Distillation is a technique for separating mixtures based on differences in boiling points. Simple distillation is used to separate liquids that have very different boiling points.

When the temperature of a liquid mixture is increased, the more volatile liquid (the liquid with the lower boiling point) boils first.

The vapour of this liquid rises through a column and passes through a condenser, where it condenses back to liquid form.

The condensed vapour is collected as a liquid called the distillate. The distillate is collected in a conical flask and is separated from the other liquid.

Water in the condenser is made to flow from bottom to top so that no air bubbles form.

These air bubbles will disrupt the condensation process as parts of the condenser are not entirely cooled.

## Fractional distillation

Fractional distillation separates liquids with only small differences in similar boiling points.

A fractionating column is used in fractional distillation.

It is similar in design to a simple distillation column, except that it has glass or metal plates or beads packed inside the column.

These plates or beads provide a large surface area for multiple condensation sites within the column.

The gas condenses at these sites in the column and then vaporises again to move to higher levels. The gas condenses and vaporises multiple times on its way up the column.

The gas becomes purer as it rises through the column because more of the less volatile liquid condenses and falls back down the column.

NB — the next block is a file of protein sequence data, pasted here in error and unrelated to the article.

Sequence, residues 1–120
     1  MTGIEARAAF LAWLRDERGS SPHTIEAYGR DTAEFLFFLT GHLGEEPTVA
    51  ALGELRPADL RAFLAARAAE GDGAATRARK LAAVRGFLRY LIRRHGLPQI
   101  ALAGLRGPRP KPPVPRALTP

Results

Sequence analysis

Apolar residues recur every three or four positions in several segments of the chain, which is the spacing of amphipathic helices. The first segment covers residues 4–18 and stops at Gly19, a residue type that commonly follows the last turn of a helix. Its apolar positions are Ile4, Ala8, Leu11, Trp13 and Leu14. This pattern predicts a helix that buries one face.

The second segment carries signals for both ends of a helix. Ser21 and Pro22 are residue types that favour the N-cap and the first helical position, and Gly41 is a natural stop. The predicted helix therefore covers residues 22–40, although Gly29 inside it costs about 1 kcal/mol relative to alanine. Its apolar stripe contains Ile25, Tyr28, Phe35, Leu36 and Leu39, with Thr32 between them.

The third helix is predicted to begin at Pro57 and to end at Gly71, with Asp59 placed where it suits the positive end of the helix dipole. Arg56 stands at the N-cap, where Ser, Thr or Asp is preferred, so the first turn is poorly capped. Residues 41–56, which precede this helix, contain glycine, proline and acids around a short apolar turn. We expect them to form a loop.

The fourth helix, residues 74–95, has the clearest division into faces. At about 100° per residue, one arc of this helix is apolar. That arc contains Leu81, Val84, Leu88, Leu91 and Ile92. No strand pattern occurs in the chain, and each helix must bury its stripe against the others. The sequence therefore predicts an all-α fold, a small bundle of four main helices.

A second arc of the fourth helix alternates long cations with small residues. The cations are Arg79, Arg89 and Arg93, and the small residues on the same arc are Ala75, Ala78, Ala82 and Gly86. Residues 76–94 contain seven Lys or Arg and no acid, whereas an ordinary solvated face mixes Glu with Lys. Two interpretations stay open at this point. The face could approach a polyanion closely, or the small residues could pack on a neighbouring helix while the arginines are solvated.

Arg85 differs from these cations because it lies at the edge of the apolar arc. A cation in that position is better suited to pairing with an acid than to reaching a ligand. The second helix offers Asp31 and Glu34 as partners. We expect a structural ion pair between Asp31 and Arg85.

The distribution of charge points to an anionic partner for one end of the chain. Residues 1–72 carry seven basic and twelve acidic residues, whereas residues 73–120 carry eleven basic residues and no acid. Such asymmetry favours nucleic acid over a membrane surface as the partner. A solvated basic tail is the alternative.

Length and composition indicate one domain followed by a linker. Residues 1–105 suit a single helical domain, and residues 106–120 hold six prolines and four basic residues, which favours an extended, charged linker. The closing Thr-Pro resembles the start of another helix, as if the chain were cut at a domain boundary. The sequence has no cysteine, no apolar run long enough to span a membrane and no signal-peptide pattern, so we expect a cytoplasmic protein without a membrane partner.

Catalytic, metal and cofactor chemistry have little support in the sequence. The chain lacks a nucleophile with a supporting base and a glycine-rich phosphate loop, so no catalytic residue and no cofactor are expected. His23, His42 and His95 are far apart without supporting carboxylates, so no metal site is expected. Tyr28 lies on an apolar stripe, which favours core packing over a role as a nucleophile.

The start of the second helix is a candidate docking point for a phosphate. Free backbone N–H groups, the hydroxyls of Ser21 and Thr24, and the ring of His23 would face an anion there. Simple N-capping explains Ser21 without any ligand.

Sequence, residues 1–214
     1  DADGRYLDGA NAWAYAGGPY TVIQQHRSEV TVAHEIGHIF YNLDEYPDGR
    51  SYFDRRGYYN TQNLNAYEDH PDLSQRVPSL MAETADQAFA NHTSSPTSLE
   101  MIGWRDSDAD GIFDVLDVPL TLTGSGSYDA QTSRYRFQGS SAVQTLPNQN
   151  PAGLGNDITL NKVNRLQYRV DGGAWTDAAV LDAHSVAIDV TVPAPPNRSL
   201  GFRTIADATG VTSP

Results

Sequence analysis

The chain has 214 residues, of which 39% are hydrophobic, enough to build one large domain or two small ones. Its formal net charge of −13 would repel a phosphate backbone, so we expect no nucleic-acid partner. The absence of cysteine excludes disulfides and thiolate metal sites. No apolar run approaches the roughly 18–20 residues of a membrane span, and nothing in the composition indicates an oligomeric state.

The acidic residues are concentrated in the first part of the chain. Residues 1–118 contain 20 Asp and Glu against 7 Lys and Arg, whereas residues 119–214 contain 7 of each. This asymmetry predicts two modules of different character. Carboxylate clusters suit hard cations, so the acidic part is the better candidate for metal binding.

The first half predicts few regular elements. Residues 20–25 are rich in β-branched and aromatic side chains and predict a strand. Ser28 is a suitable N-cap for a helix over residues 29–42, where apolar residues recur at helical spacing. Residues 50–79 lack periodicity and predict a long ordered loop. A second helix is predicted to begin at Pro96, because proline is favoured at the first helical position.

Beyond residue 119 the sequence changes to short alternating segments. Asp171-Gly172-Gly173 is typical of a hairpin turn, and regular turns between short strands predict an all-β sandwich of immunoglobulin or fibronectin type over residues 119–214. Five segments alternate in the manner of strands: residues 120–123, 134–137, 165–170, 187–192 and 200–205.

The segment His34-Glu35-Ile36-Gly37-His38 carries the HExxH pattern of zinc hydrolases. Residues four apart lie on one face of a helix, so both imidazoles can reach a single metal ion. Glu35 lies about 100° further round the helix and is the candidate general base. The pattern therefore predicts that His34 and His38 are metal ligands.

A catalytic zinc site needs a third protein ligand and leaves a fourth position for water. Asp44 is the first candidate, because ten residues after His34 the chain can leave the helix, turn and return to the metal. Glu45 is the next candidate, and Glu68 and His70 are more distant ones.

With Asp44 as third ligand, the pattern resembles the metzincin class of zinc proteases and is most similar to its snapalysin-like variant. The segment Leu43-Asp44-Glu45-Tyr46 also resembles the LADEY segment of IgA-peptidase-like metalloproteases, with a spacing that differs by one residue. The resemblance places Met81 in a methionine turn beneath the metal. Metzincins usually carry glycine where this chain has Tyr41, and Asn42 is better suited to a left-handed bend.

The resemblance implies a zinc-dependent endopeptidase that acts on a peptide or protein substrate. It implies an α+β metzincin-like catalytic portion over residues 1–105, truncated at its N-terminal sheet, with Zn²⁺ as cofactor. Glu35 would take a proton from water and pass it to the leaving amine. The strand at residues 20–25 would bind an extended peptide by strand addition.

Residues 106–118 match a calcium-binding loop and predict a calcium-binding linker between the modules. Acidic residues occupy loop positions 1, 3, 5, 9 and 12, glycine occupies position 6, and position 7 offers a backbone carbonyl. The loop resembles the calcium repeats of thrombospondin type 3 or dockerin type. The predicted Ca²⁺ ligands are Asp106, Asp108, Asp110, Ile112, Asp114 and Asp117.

Fractional distillation is used in industry to separate crude oil into gasoline and other liquids.

## Paper chromatography

Paper chromatography is the separation of a small amount of liquid mixture using a solvent and paper.

A mixture (usually ink or a pigment) is dotted onto a piece of chromatography paper.

The end of the paper is then placed in a pool of a solvent, which travels up through the paper.

Different components in a sample mixture have different solubilities in the solvent. The more soluble the component is, the faster it will travel up the paper with the solvent.

The results of separating components in brown, green, blue and black marker ink.

## Retention factors

In paper chromatography, each of the components being separated is assigned a retention factor ($R_\text{f}$) value. This value depends on how far the component travels up the paper.

The $R_\text{f}$ value is the ratio of the distance travelled by the component to the distance travelled by the solvent.

$$R_\text{f}\text{ value} = \displaystyle{\frac{\text{Distance travelled by a component}}{\text{Distance travelled by the solvent}}}$$
The visual results of paper chromatography (known as a chromatogram).

The $R_\text{f}$ value of component X is given by $\frac{A}{B}$.

Markings on the chromatogram must be made in pencil. Pencil lead is made of graphite, which is insoluble in most solvents.

Pencil markings do not interfere with the separation of components of interest.

A locating agent is sprayed on the chromatography paper to react with colourless components and give them colour.

This allows for previously colourless components to be identified. The $R_\text{f}$ values of these components can then be determined.

## Purity and melting point

The purity of gold alloys is described using carats.

The purity of a sample is the percentage of that sample that contains the desired compound or element.

Impurities refer to the unwanted compounds or elements present in the sample.

The purity of a solid substance can be determined from the melting point.

Each compound (or element) has a fixed and narrow melting point range. When a pure substance reaches this temperature, the molecules in the crystalline structure of the solid break apart.

An impure sample has a lower melting point than a pure sample. This is because the impurities distort the crystalline structure of the substance, making the molecules easier to break apart.

Less energy (a lower temperature) is needed to melt the impure sample.